Who are you?
I’m Kerim Safa, an enthusiast of pixels and sounds.
When did you start making art?
Unconsciously, at a very early age, like most people. Visual arts and music have always been the two primary drives for me, so I ended up studying both. I believe I started to put my creative output into context during my university years. I had to spend the same number of years forgetting much of what I had absorbed during my education, in the search for my own artistic voice. While my focus has been constantly shifting between visuals and music for a long time, a few years ago I decided to reset my portfolio and devote myself predominantly to creating work with pixels.
What inspires your art?
“Everything” would be an honest answer but not a fair one for an interview.
The most visible point of inspiration is the visual aspect of the work. ‘Mechanisms’, in relation to both nature and machinery, can be a catch-all keyword for me. The nature of working exclusively with pixels usually brings me to another keyword: ‘Limitations’. An artwork or any kind of creation that cleverly combines the right(as little as possible) amount of elements might have the potential to resonate with me. Another inspiration that is not unexpected considering my visual style is early computer graphics and video games.
Conceptually, I am inspired by a vast collection of themes, from social topics to personal experiences. Even though I choose not to declare clearly with everything I release, my pieces might have elements that represent something personal or my personal interpretation of something universal. This might reveal one of the reasons why I create my work manually. I feel close to the more traditional idea of “artist being present in the artwork”.
Above all, music has always been my ultimate inspiration.
What do you think is your biggest artistic strength?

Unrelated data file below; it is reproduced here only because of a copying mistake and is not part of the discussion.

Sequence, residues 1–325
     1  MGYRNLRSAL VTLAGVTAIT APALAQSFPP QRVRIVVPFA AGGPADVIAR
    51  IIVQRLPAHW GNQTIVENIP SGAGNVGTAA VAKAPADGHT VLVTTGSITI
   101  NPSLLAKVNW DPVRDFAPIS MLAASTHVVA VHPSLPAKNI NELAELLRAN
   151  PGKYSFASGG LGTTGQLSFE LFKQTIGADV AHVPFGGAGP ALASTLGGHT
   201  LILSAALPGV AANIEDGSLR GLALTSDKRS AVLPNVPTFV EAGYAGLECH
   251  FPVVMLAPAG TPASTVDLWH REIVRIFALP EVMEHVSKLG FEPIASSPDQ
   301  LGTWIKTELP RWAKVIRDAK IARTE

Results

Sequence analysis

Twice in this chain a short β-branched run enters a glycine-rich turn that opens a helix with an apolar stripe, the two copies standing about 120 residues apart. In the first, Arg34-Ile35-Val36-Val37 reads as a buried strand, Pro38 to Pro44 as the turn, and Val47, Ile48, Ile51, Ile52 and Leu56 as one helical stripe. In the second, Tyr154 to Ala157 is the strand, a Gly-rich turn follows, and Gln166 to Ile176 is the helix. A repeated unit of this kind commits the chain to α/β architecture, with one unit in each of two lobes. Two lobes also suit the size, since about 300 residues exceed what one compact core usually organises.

Nothing gives me more pleasure than creating. I think this beats all the other strengths(and weaknesses). I’m having so much fun while working.
Why did you start making NFTs?
In mid-2020, my friends invited me to their virtual music event in Cryptovoxels. After the event has ended, I stayed there to explore the area. That was the first time I discovered about NFTs. I was already slightly interested in blockchain technology but NFTs and other creative applications introduced a totally new layer to me. At that time, I was working on a series of pixel/musical loops called ‘sqrlps’, just to keep my creative muscles active while being isolated at home during the pandemic. By pure luck, sqrlps pieces were technically a great fit to release as NFTs and I wanted to give it a try without any expectations. Then I couldn’t stop. Being a part of a new community and a technology at its early stage was also another exciting reason to keep on going.
What is the process for creating a piece?
I usually take two different paths for creating a piece.
The first one is when I already have an idea in mind, I start sketching on paper. Depending on the visual complexity of the piece, I switch to my beloved pixel art software Aseprite at some point. If I trust the initial idea, I try to make my way towards it as much as possible. But sometimes things can go in a totally different direction, that’s where the crucial decisions about whether to go off the path are made. Oftentimes, I tend to take the call to adventure.
The other one is my favorite: opening a blank project page, playing around with pixels. This gives me a similar feeling as improvising with a musical instrument. It is intuitive and can lead to surprising places.
I also spend a lot of time counting pixels as I create animations manually.
What adds value to your art?
Discovery and self-reflection.
Do you have any creations that stand out the most to you?
Conceptually: ‘RECYCLED’ or ‘a_square_poem’
Technically: ‘The Unnecessary Machine’ or ‘Sonus Apparatus’
Emotionally: ‘I am two and two is four’ or ‘relocate, recombine, regenerate’
Anyone you want to shout out?
I’m a huge fan of a lot of artists in the space. I will regret forgetting many names after this but let’s give it a try:
Thank you for this interview.